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Listen to the voice

PRC official receives ‘special welcome’

HECKLED: After a protester interrupted a planned speech by the vice chairman of China’s ARATS, Tainan National University canceled his activities for two days

By Ko Shu-ling And Rich Chang
Tuesday, Oct 21, 2008, Page 1

A protester holds up a sign in front of Zhang Mingqing, vice chairman of China’s Association for Relations Across the Taiwan Strait, at an academic forum at Tainan National University yesterday. Zhang’s speech was canceled after the protest.


One of China’s top negotiators yesterday experienced firsthand a “special welcome” from Tainan residents as a group of protesters disrupted his speech at an academic forum.

Zhang Mingqing (張銘清), vice chairman of China’s Association for Relations Across the Taiwan Strait (ARATS), arrived in Taiwan on Sunday at the head of a 21-member Chinese academic delegation to attend the 2008 Cross-Strait Academic Symposium on Mass Communications and Image Arts at Tainan National University of the Arts in Guantian Township (官田), Tainan County.

Before Zhang was to speak at the auditorium, a man holding a banner reading in English “Taiwan is independent [sic], not a part of China,” sprinted up to the podium and began shouting slogans. The man, surnamed Chang, was escorted away with two other protesters, one man and one woman.

Chang later told reporters he was just a normal Taiwanese and that he was not a member of the Democratic Progressive Party (DPP).

The graduate student from National Cheng Kung University said he was born in the US to Taiwanese parents and came back eight years ago to learn Hoklo (also known as Taiwanese) and Taiwanese culture.

“There are many people around the world who have deep respect for Taiwan,” he said in Hoklo. “I don’t want to see Taiwan bullied.”

Chang said he and the other protesters hid the banners in their bags to pass through the security check. Security personnel reluctantly let them in after they failed to show identification cards.

Outside the venue, protesters demanded that Zhang apologize to Taiwanese for China’s export to Taiwan of dairy products and food ingredients that were tainted with the toxic industrial chemical melamine.

They demanded that Zhang either meet them to apologize and hear the voices of Taiwanese or cancel all his activities in Taiwan.

“If our demands are not met, we’ll follow him and protest wherever he goes during his stay in Taiwan,” the activists said

In response, university staff said that Zhang was attending the symposium in his capacity as dean of Xiamen University’s School of Journalism and Communication and the seminar was an academic gathering that had nothing to do with politics.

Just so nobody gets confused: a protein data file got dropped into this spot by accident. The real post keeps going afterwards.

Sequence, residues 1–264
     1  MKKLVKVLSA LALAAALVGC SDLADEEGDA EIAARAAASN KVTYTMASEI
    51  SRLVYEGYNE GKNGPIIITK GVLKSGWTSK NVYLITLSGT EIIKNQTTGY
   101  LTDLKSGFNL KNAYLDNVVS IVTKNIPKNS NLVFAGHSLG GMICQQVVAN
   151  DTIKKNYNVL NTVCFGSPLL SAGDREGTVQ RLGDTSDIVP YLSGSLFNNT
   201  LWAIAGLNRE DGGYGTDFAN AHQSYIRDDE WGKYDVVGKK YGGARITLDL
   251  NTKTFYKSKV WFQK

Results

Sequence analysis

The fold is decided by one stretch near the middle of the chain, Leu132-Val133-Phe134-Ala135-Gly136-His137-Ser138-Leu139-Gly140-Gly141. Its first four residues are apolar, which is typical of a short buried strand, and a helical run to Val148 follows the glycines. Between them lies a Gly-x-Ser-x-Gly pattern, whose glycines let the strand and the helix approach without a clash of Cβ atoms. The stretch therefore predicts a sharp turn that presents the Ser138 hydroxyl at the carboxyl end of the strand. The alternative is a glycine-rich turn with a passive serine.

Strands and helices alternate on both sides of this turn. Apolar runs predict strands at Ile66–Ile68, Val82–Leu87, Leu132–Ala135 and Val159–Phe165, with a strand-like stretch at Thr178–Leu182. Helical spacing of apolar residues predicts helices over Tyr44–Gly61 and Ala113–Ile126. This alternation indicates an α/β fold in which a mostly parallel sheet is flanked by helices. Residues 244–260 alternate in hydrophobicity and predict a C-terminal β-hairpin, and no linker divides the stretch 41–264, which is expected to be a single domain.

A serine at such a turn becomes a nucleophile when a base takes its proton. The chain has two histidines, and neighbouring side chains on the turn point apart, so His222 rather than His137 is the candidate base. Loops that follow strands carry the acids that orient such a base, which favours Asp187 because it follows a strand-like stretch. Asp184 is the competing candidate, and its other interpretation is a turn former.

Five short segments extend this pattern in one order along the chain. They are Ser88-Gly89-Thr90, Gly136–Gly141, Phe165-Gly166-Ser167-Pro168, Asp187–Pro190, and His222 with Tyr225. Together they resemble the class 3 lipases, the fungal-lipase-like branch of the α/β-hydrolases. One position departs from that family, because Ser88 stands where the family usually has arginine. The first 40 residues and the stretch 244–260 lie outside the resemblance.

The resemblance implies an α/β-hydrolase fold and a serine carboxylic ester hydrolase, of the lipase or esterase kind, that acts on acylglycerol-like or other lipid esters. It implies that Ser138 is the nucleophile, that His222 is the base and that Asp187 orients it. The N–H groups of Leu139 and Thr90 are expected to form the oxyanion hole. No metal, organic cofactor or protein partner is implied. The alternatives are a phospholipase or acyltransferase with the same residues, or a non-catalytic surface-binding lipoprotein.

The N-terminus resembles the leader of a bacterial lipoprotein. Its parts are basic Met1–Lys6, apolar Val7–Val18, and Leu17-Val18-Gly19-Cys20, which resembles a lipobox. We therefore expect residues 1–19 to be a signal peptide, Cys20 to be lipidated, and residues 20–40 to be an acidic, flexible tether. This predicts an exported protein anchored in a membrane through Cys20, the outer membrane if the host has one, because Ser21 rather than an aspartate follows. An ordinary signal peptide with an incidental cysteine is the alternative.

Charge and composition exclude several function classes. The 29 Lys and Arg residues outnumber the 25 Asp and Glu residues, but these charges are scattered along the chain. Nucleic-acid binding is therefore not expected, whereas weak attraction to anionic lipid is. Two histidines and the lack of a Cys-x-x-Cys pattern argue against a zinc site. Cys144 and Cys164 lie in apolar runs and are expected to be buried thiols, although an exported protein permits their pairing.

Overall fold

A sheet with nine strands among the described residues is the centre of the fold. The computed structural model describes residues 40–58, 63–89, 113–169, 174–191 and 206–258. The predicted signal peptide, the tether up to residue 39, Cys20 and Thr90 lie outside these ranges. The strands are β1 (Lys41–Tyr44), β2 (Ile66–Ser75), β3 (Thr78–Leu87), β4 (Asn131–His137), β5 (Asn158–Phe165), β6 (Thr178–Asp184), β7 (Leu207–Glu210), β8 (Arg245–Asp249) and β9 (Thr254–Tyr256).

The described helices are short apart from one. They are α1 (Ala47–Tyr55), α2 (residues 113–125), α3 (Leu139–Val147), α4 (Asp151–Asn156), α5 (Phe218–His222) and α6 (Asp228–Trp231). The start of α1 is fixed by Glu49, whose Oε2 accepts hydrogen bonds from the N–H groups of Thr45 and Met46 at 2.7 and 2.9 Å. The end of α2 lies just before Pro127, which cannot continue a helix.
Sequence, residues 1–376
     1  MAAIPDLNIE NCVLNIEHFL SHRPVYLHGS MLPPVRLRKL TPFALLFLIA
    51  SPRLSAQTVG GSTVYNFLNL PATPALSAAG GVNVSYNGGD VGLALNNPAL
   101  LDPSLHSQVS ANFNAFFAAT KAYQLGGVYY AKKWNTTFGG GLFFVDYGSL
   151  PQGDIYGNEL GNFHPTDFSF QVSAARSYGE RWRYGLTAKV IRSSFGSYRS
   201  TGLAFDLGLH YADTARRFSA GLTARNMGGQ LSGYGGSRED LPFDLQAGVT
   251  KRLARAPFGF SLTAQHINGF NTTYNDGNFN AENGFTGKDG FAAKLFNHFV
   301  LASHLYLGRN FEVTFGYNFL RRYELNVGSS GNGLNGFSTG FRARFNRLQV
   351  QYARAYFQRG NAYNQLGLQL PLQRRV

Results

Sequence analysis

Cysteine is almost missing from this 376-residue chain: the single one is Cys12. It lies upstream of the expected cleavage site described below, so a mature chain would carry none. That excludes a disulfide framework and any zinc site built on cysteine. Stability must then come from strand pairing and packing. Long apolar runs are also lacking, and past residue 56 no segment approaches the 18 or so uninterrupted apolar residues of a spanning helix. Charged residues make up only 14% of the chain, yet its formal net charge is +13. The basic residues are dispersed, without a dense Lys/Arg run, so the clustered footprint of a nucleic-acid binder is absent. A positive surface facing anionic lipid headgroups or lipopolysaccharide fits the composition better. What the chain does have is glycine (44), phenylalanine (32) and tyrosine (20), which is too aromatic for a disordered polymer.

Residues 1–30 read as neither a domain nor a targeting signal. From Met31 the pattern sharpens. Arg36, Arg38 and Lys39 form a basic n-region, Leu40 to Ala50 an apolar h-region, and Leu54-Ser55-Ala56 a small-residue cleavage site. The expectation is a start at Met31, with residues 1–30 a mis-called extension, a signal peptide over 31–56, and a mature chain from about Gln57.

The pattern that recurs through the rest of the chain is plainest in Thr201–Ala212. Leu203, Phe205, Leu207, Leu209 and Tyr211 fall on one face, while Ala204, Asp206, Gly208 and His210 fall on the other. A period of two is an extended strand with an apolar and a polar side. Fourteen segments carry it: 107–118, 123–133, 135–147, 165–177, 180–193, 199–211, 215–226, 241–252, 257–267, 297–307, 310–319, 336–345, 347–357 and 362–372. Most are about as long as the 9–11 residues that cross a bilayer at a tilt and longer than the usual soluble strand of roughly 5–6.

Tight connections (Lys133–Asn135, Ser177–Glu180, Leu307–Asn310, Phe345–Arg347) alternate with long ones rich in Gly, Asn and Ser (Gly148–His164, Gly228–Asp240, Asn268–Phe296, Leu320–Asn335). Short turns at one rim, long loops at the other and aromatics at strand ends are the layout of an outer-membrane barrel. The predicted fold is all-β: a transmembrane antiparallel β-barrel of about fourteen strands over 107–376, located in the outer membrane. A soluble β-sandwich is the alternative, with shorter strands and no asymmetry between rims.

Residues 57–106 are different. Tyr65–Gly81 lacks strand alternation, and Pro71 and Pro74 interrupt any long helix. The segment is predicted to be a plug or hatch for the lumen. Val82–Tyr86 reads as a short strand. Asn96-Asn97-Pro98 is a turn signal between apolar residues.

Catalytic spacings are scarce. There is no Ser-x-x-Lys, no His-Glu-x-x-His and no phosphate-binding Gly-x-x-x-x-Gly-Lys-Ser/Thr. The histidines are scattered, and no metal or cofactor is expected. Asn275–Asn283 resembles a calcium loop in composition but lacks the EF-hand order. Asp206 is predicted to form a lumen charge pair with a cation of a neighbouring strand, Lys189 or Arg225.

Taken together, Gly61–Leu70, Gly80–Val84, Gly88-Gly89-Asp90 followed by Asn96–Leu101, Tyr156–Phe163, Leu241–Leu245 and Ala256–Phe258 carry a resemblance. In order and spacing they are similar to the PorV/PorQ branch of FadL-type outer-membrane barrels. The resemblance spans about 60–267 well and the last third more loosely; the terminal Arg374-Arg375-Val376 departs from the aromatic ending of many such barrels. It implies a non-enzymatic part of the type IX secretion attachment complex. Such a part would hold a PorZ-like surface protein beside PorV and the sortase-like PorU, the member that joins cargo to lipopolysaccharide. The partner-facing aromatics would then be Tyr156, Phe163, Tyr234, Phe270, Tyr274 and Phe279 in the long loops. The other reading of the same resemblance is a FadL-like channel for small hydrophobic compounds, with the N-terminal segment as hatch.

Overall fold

Zhang did not give his speech and after discussions, the university authorities canceled all his appearances for the next two days.

The other Chinese experts and academics, however, maintained their schedule at the symposium. They are scheduled to make field trips to other universities in southern Taiwan today.

Visibly amused by the protest, Zhang told the audience that the organizer told him that Tainan residents were very “hospitable” and that they would welcome him and the delegation in a “special” way.

“I did not expect to see the special welcome happen so suddenly,” he said. “I think we see some things very differently.”

Asked about a comment from President Ma Ying-jeou (馬英九) about reaching a peace accord during his term in office, Zhang said: “It’s hard to say” and that it would depend on negotiations.

In addition to the protest at the auditorium, about 20 protesters gathered outside the university and clashed with police as they tried to enter the campus.

Chanting “Taiwan does not belong to China,” they held banners reading “Red China, get out!”

Protesters dispersed after Tainan City Councilor Wang Ding-wu (王定宇) of the DPP announced that they had “scored a victory” because Zhang’s activities had been canceled.

In related news, the DPP caucus said yesterday that the party would protest against ARATS Chairman Chen Yunlin (陳雲林) if he failed to offer an apology and compensation for allowing contaminated products to be exported to Taiwan.

Chen is scheduled to visit Taiwan later this month or early next month for a second round of negotiations with his Taiwanese counterpart, Straits Exchange Foundation Chairman Chiang Pin-kung (江丙坤).

DPP caucus whip William Lai (賴清德) told a press conference that while Chinese Premier Wen Jiabao (溫家寶) had said the Chinese government was partly responsible for the tainted milk scandal, the DPP caucus would demand that Chen represent his country in offering an apology and compensation for the contaminated food products.

“If Chen refuses to do so, will President Ma Ying-jeou (馬英九) dare to represent Taiwanese and demand an apology from Chen?” Lai asked.

The DPP would pressure the government to be tougher when handling the matter, Lai said.

DPP Legislator Yeh Yi-ching (葉宜津) said more than 200 food products have been withdrawn because of toxic chemicals, resulting in losses of NT$4 billion (US$122.7 million) and shaking consumer confidence in the country’s food market.

Meanwhile, the DPP has decided to postpone its nomination of candidates for next year’s local government elections until next month to focus on the impact of Chen Yunlin’s visit, a DPP official said on Sunday.

Su Jia-chyuan (蘇嘉全), a former interior minister, made the remarks in his capacity as head of the party’s strategic task force for the city and county chief elections late next year.

“The DPP has decided to postpone the nomination of the first batch of its candidates for the elections in view of the upcoming visit by Chen Yunlin and will set a date depending on the consequences of Chen’s visit,” Su said.

This time around, the DPP will field its candidates for next year’s local government elections through internal consultations rather than a primary vote within the party, in a bid to maximize its chances of victory in the polls.


Listen to the voice